Puppy Linux Discussion Forum Forum Index Puppy Linux Discussion Forum
Puppy HOME page : puppylinux.com
"THE" alternative forum : puppylinux.info
 
 FAQFAQ   SearchSearch   MemberlistMemberlist   UsergroupsUsergroups   RegisterRegister 
 ProfileProfile   Log in to check your private messagesLog in to check your private messages   Log inLog in 

The time now is Sat 25 Oct 2014, 20:32
All times are UTC - 4
 Forum index » House Training » Bugs ( Submit bugs )
Memory Usage whilst file copying
Moderators: Flash, Ian, JohnMurga
Post_new_topic   Reply_to_topic View_previous_topic :: View_next_topic
Page 1 of 1 Posts_count  
Author Message
Jeff
Guest


PostPosted: Sun 29 May 2005, 07:05    Post_subject:  Memory Usage whilst file copying  

I am not sure whether this is a bug but it is annoying me.

I am using puppy 0.98 but have found similar issues with 1.01 and 1.02 when I have used install 2 to hard disk.

It seems that copying files from the same partition or from mounted partitions uses an amount of memory the size of the files copied. I am having trouble reclaiming this memory usage. Is it something that I am experiencing ? Should I be using a swap partition or something else? Is there a solution?

Any help is appreciated before permanent hair loss :--)

Jeff
Back to top
BarryK
Puppy Master


Joined: 09 May 2005
Posts: 7047
Location: Perth, Western Australia

PostPosted: Sun 29 May 2005, 11:39    Post_subject:  

I don't know if that's a bug though... the memory manager isn't releasing the memory, but that doesn't mean you will run out of memory.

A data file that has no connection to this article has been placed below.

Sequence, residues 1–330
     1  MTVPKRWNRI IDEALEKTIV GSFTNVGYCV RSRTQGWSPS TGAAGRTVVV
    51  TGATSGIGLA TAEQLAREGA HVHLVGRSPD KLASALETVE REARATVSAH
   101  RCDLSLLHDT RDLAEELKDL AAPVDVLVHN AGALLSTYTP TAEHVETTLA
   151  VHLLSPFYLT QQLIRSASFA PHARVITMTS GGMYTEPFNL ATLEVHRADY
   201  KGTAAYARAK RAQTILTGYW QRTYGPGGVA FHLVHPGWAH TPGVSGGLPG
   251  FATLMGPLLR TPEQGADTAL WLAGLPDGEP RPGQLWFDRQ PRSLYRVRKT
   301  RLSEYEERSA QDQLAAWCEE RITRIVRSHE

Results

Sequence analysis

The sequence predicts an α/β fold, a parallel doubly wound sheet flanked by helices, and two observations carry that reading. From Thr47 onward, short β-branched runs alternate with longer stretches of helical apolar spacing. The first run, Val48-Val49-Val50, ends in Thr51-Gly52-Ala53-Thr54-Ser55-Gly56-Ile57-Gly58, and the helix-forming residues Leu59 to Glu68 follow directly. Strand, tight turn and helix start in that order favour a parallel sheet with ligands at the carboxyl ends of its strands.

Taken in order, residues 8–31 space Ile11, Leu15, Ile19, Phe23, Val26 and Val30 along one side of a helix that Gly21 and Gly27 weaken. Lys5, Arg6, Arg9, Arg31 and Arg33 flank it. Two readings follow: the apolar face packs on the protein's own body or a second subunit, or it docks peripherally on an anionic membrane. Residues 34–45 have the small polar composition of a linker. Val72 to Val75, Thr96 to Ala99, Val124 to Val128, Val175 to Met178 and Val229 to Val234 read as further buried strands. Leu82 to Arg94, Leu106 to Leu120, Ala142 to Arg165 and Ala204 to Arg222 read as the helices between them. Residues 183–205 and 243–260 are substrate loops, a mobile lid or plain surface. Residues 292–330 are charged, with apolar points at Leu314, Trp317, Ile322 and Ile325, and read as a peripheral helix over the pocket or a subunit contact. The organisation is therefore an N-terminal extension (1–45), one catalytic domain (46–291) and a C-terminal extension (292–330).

Is there some situation in which this causes a problem?
Back to top
View user's profile Send_private_message Visit_website 
Guest
Guest


PostPosted: Sun 29 May 2005, 23:50    Post_subject:  

The machine I'm using has 256Mb of memory. After mounting a cdrom I find that copying the contents of said cd to root or whatever will cause memory to exceed 256MB as per Rox DockApp memory indicator. Certain programs will shut down and memory returned to 33MB for Puppy 0.98. I know this is extreme but wondered if anyone experienced anything like this. Dismounting cdrom does return some of the memory but not all. The issue for me was to escape Windows (TM) gobbling effect on memory but I seem to find Linux does something similar. Unless I'm doing something wrong.

Can anyone replicate this issue or offer a solution...

Many Thanks
Jeff.
Back to top
GuestToo
Puppy Master

Joined: 04 May 2005
Posts: 4078

PostPosted: Mon 30 May 2005, 01:58    Post_subject:  

as far as i know, under normal conditions, a memory manager will try to use as much of your ram as possible ... if it doesn't, it is not making efficient use of your ram

at the moment, i am not running Puppy (i'm running Vector Linux actually) ... i have Azureus, Firefox, and xawtv running ... typing "free" tells me i have about 2 megs of ram free (about 99% of my ram is being "used") ... if have about 506 megs free of my swap space (less than 1% being used)

this is good
the hard drive is much much slower than ram

normally, your ram should quickly be almost completely "used" ... your swap space should not be used much (there should definitely not be a lot of thrashing)